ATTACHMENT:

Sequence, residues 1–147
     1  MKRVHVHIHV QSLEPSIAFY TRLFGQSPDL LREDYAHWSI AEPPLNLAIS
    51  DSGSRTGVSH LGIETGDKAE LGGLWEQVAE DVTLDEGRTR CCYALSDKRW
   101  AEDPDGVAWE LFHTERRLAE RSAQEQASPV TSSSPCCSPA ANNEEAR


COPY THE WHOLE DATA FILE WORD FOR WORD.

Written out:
Sequence, residues 1–147
     1  MKRVHVHIHV QSLEPSIAFY TRLFGQSPDL LREDYAHWSI AEPPLNLAIS
    51  DSGSRTGVSH LGIETGDKAE LGGLWEQVAE DVTLDEGRTR CCYALSDKRW
   101  AEDPDGVAWE LFHTERRLAE RSAQEQASPV TSSSPCCSPA ANNEEAR